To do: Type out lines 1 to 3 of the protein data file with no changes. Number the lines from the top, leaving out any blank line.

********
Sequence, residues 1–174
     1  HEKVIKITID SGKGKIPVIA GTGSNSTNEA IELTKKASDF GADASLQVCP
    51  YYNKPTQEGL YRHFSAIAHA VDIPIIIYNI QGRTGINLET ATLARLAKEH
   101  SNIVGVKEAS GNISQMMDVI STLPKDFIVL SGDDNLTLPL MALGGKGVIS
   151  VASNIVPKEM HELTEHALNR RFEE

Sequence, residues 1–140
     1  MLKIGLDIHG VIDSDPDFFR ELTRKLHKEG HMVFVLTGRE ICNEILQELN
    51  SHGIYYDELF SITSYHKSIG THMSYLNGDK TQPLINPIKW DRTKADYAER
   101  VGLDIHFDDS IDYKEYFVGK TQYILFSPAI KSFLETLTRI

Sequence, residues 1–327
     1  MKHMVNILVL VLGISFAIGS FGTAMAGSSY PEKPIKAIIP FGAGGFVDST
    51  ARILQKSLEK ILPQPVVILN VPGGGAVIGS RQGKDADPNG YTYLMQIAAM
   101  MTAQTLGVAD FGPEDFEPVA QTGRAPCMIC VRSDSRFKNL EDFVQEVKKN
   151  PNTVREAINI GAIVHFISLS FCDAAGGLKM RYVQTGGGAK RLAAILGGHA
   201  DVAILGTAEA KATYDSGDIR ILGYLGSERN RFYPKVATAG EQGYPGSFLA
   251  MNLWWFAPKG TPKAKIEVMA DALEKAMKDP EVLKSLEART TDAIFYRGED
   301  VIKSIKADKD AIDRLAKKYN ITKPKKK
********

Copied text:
Sequence, residues 1–174
     1  HEKVIKITID SGKGKIPVIA GTGSNSTNEA IELTKKASDF GADASLQVCP
    51  YYNKPTQEGL YRHFSAIAHA VDIPIIIYNI QGRTGINLET ATLARLAKEH